2. You need to store the mean and variance corresponding to non-overlapping time periods, like days(as given in the script).

3. You don’t want to/need to store the individual data points, just the averages. Moreover, you don’t want to access the permanent data storage (like a file on disk) everytime a new data point comes in, but only when the average stats need to be stored. The primary reason for this could be efficient resource usage.

4. You don’t want to store the process parameters as variables in the program, but rather using a better option like Redis. (Though you can tweak the script to do that too.)

Heres the script:

from redis import StrictRedis
import datetime

#Redis Client for communicating with Redis
redisdb = StrictRedis()

def timestamp():
    Returns a String that denotes a unique time-period.
    The output of this function determines the period over which
    the averaging is done.

def _fetch_state(identifier):
    Fetches all the state data from Redis corresponding to the
    identifier string.
    If any part of it is not present, it returns empty data.
    Returns last date timestamp, the sum, the sum of squares,
    and the counter value (in that order).

    #Get the string data from Redis
    last_timestamp = redisdb.get(identifier + '_last_timestamp')
    sigma = redisdb.get(identifier + '_sigma')
    squares_sigma = redisdb.get(
    identifier + '_squares_sigma')
    counter = redisdb.get(identifier + '_counter')

    #Check if any of the above is None(not present)
    #If not, parse the numbers
    if None in [last_timestamp, sigma, squares_sigma,
        #If any one is not available, the others are useless
        #Just reset the values
        last_timestamp = ''
        sigma = 0
        squares_sigma = 0
        counter = 0
        sigma = float(sigma)
        squares_sigma = float(squares_sigma)
        counter = int(counter)

    return last_timestamp, sigma, squares_sigma, counter

def _store_state(identifier, last_timestamp, sigma, squares_sigma,
    Stores the state data corresponding to the identifier, to Redis.

    redisdb.set(identifier + '_last_timestamp', last_timestamp)
    redisdb.set(identifier + '_sigma', sigma)
    redisdb.set(identifier + '_squares_sigma',
    redisdb.set(identifier + '_counter', counter)

def _permanent_store(identifier, mean, variance):
    Stores statistical data to some kind of permanent storage
    (A file in this case).
    f = open(identifier + '.txt', 'a')
    f.write(str(identifier) + ', ' + `mean` + ', ' + `variance` + '\n')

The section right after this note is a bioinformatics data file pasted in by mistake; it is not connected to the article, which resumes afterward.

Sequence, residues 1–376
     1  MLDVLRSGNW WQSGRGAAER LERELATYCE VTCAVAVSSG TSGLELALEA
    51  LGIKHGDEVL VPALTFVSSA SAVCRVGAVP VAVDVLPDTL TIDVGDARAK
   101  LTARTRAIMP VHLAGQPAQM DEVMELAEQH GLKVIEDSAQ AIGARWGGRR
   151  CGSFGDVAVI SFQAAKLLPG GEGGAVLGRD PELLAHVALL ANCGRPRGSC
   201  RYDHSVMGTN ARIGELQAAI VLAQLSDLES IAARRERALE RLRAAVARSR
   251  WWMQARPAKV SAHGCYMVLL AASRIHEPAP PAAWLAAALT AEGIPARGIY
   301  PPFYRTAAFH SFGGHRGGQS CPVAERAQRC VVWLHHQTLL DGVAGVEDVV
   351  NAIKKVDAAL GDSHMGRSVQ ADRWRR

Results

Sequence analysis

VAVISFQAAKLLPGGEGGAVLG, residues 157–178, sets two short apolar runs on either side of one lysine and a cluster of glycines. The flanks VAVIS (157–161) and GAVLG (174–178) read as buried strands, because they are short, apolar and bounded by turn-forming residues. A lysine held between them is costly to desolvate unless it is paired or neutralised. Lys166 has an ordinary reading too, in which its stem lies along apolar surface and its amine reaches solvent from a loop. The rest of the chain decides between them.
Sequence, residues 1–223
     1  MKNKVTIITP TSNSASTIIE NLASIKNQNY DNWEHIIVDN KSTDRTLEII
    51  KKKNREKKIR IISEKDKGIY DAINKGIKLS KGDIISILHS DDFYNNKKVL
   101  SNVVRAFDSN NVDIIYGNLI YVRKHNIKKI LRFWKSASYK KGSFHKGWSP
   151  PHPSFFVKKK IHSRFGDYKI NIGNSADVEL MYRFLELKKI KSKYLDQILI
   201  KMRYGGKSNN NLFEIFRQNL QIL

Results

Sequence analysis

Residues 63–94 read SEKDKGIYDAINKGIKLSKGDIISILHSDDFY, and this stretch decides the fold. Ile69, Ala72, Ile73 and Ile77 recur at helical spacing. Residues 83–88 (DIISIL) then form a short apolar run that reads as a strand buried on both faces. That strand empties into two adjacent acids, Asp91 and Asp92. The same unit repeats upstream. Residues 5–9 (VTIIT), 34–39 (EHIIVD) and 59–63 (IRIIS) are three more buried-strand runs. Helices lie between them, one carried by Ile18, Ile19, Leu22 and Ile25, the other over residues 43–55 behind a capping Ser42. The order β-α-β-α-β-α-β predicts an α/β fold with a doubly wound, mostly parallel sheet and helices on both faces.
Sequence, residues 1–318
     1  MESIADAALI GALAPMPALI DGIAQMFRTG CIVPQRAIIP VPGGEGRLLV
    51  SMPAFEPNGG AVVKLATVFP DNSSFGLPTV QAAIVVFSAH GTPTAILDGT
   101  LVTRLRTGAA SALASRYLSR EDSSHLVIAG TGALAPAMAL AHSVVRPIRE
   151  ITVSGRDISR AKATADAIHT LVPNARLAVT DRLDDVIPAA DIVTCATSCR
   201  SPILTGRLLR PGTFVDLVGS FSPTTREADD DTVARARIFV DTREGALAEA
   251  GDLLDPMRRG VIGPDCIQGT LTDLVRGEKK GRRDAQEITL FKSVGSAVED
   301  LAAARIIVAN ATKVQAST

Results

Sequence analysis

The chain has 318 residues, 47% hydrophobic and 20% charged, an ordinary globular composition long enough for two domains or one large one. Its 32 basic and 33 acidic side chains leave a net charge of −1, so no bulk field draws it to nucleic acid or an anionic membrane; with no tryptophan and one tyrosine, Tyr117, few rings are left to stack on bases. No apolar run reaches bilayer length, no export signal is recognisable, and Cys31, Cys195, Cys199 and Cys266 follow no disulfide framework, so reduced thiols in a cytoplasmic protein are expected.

def record(identifier, value):
    Records a numeric value corresponding to the identifier.

    #Fetch state data
    last_timestamp, sigma, squares_sigma, counter = (

    #Compute current timestamp
    current_timestamp = timestamp()

    if last_timestamp != current_timestamp:
        #Either a new time period has started, or
        #this is a new identifier, or
        #previous state data was lost for some reason.
        if counter != 0:
            #A new time period has started,
            #so compute parameters for previous one and store.
            counter = float(counter)
            mean = sigma/counter
            variance = squares_sigma/counter - mean**2

            _permanent_store(identifier, mean, variance)

        #Intialize state based on newly received data
        last_timestamp = current_timestamp
        sigma = value
        squares_sigma = value**2
        counter = 1

        #Same time period as before, update state
        sigma += value
        squares_sigma += value**2
        counter += 1

    #Store state
    _store_state(identifier, last_timestamp, sigma, squares_sigma,

Some things to note:

1. The script is resistant to restarts (keeping in mind that any data that comes in during the down-time is lost). It’s also resistant to faults on Redis’ behalf, though any state data stored would then be lost. In both cases, the averaging information may be inaccurate, but not unavailable.

2. You can group sources together if you want (like averaging weather data from all sources in a region). You would just have to implement functionality to map each source ID to the relevant group ID.

3. The script computes averages over days, but using little creativity with the timestamp function, you can compute statistics over any custom time periods. In fact, you can modify the source IDs to tell the system what time interval to average over.

4. Though the input in the above code is single numbers, you can work with multidimensional data(using NumPy arrays/Pandas) and even other types of information extraction(that can work with streams without requiring historical data).

5. The script stores the data into a text file; you can obviously make it store the data to any other destination.

6. The code is pretty basic. To actually use it as a part of a bigger framework, I would suggest taking measures such as bundling the code into a class, implementing synchronization locks over the state data, etc. All that is upto you and your application ofcourse.

Thanks for reading!